Every year, over 6,500 blood cells, almost 5 percent of all European cases, can be attributed to exposure in drinking water to trihalomethane (THMs). This is a conclusion in a large study conducted on the presence of these chemical compounds in tap water in 26 EU countries by the Barcelona Institute for Global Health (ISGlobal), a “la Caixa”-supported center.
The unintended result of water disinfection is trihalomethanes. Previous research reported a correlation between long-term THM exposure, whether by ingestion, inhalation, or dermal uptake, and an increased risk of bladder cancer.
Recent data on trihalomethanes in European municipal tap water have been analyzed and the burden for the bladder carcinogenesis of exposure to these compounds estimated by the authors of the new study published in Environmental Health Perspective.
The researchers sent questions to the municipal water quality organizations seeking information on the source, distribution network, and water treatment plant concentrations of total and individual trihalomethanes. Additional data from other sources have been collected.
In 26 countries of the EU, the trihalomethanes data was collected from 2005 to 2018, with less than 75% of the population, except for Bulgaria and Romania.
There were substantial differences between countries in the findings. The mean level of trihalomethanes was well under the permissible limit for EU drinking water-11,7 μg / L vs. 100 μg / L— but in nine countries (Cyprus, Estonia, Hungary, Ireland, Italy, Poland, Portugal, Spain, United Kingdom), the maximum reported concentration had been much higher than the maximum limit for drinking water.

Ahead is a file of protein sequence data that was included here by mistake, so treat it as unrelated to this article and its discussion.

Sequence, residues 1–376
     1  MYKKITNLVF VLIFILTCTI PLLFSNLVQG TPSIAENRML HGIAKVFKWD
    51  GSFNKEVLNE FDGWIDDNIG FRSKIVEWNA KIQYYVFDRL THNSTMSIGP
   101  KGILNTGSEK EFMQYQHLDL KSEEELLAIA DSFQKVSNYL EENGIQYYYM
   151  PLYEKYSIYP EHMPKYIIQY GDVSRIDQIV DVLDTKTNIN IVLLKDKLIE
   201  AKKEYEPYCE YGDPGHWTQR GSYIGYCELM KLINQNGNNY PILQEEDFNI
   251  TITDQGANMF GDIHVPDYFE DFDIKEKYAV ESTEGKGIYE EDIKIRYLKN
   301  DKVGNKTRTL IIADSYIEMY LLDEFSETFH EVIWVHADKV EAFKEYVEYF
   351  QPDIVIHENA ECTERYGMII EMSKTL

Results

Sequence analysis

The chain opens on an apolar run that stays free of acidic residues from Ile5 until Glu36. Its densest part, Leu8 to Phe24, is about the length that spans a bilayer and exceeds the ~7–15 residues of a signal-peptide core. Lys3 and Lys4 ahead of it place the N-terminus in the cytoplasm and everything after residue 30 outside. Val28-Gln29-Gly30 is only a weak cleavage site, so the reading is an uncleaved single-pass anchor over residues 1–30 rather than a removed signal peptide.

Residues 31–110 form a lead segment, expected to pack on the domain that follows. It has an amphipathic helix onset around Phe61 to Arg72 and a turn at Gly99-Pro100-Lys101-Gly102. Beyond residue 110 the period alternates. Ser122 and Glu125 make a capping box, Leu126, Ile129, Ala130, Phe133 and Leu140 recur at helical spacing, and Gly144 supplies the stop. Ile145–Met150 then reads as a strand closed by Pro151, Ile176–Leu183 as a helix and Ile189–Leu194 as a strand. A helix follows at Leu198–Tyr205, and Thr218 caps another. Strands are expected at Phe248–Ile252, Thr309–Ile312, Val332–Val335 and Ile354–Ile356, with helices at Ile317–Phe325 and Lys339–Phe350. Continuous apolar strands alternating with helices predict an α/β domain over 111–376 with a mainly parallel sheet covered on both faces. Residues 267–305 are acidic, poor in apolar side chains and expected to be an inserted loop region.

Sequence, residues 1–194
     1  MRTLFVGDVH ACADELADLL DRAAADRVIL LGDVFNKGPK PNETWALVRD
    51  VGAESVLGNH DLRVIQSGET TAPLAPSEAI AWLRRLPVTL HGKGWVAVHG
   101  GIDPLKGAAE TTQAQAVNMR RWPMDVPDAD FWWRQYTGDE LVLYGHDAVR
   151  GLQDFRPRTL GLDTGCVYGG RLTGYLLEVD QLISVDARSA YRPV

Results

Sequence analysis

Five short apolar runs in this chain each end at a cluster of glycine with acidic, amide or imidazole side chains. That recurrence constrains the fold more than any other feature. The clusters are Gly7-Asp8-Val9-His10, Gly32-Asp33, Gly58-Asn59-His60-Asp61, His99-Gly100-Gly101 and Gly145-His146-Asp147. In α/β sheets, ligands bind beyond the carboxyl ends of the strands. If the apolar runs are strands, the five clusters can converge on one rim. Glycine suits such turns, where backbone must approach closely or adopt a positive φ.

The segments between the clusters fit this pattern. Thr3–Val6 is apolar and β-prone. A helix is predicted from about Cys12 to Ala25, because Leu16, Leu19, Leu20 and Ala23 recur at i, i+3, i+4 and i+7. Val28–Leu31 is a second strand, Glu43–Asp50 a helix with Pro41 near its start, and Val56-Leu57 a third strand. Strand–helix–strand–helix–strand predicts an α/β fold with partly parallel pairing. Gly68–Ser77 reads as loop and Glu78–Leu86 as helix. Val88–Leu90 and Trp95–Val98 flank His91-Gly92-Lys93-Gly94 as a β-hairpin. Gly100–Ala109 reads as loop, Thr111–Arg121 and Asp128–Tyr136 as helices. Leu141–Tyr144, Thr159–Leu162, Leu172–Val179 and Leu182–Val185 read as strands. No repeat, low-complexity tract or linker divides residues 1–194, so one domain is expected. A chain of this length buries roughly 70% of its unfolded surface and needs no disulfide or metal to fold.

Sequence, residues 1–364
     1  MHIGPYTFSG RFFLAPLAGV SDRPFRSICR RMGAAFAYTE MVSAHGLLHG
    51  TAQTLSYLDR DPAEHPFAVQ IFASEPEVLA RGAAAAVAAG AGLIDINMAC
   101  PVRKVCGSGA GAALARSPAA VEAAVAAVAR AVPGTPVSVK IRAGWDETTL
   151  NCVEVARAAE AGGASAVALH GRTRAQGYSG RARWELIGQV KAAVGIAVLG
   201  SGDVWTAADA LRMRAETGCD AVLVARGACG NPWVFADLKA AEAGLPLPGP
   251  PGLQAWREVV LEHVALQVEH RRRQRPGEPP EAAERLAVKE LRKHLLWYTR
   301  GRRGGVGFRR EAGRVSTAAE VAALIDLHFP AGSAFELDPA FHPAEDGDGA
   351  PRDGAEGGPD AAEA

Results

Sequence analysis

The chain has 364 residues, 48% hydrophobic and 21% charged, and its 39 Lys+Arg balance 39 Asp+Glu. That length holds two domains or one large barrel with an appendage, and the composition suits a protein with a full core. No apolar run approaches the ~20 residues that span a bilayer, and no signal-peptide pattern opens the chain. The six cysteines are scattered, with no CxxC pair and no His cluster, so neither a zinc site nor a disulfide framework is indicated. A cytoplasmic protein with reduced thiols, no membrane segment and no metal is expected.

A statistical calculation relates the total concentration of trihalomethanes to international knowledge about the bladder cancer incidence rates available in each country estimates the number of cases of attributable bladder cancer.
In total, 6,561 cases of bladder cancer in the European Union are estimated to be attributed to exposure to trihalomethanes per year. Among countries, there have been significant variations. Spain and the United Kingdom were most often due to the high incidence of bladder cancer and its large population, with 1,482 and 1,356, respectively.